Nordic and Barents Seas Cooling – Where Does the Heat Go?

Lars Henrik Smedsrud1, Oeystein Skagseth2, Ailin Brakstad3, Tor Eldevik4, Morven Muilwijk4 and Marius Årthun4, (1)University of Bergen, Geophysical Institute, Bergen, Norway, (2)Insititute for Marine Research, and Bjerknes Centre for Climate Research, Bergen, Norway, (3)Bjerknes Centre for Climate Research, University of Bergen, Geophysical Institute, Bergen, Norway, (4)Geophysical Institute, University of Bergen and Bjerknes Centre for Climate Research, Bergen, Norway
Abstract:
The Nordic Seas receives a large inflow of warm Atlantic Water (AW) across the Greenland Scotland Ridge (GSR), representative values is about 8 Sv and +8°C. This AW heat plays a crucial role in regulating regional climate, modifying Atlantic sector sea ice cover, and may directly contribute to ocean driven melting along the North-East coast of Greenland. When the waters return southwards as cooled water, most of it quite dense, the temperature is around -1°C – documenting a total Arctic, Nordic and Barents Seas cooling of over 500 TW. Both the AW inflow itself and the onwards destiny of this heat has varied spatially and over time. Within the Nordic and Barents Seas the three main heat sinks are 1) the atmosphere, 2) The Arctic Basin, and 3) sea ice and glacial melting.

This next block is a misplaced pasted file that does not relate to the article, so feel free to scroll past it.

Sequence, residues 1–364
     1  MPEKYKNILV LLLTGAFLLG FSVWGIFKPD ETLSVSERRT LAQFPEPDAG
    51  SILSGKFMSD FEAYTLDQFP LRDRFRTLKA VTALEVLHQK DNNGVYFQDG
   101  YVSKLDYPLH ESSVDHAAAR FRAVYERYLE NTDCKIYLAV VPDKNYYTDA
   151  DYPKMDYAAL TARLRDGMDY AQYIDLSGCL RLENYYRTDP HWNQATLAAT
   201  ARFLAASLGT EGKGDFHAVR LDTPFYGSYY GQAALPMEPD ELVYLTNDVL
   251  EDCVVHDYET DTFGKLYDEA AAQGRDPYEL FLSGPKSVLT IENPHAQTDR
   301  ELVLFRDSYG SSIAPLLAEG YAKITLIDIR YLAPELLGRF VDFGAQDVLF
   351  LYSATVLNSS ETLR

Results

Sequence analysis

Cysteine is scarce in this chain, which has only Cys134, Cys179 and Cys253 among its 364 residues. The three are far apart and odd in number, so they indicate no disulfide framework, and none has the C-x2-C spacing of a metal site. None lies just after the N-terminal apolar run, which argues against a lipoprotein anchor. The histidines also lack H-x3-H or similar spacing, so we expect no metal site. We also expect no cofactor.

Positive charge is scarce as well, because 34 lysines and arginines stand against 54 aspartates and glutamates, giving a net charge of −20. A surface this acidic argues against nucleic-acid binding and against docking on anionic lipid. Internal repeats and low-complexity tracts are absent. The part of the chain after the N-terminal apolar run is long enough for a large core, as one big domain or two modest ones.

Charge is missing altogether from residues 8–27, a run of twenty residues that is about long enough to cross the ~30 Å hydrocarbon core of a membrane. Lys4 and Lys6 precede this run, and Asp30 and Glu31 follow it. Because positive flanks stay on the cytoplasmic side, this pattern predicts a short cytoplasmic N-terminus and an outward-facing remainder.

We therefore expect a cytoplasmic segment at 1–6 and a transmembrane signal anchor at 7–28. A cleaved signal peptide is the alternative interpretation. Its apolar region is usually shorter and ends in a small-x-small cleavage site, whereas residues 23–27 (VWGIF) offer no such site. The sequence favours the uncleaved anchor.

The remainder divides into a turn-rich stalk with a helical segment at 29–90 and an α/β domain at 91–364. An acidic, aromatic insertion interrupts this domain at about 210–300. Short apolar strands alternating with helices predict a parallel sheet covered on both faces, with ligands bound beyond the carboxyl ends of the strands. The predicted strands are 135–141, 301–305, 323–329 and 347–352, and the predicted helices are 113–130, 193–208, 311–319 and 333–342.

The Barents Sea heat loss (~75 TW) is a dominant heat source for the Arctic atmosphere and here there has been a direct conversion of AW into dense water contributing ~30% of the GSR overflow. Until 2010 this Barents Sea “cooling machine” – warmer Atlantic inflow, less sea ice, more regional ocean heat loss – operated steadily – but this has now changed. Most of the Barents Sea is now open AW and any additional heat loss from more open water is relatively marginal.

Utilizing coupled climate model simulations, ocean re-analysis and more than 100 years of observations, the ocean heat transport and heat loss variability over the Nordic and Barents Seas will be evaluated, based on current-state of the art understanding of heat loss, dense water formation, sea ice loss and melting of marine-terminating glaciers. Initial results show large decadal-scale variability of the AW inflow dictated by the Atmospheric forcing, but also that there is a significant warming over the recent decades along the entire AW Nordic Seas inflow path. This recent warming is larger than the warm period in the 1920’s and 1930’s – and appears most strongly in the Barents Sea that today dominates both the variability and mean ocean heat transport towards the ocean beneath the Arctic sea ice. The portion of the AW heat that re-circulates in Fram Strait and is available for melting the exported Arctic sea ice and Greenland glaciers has likely also increased, but what drives changes in this re-circulation is under present investigation.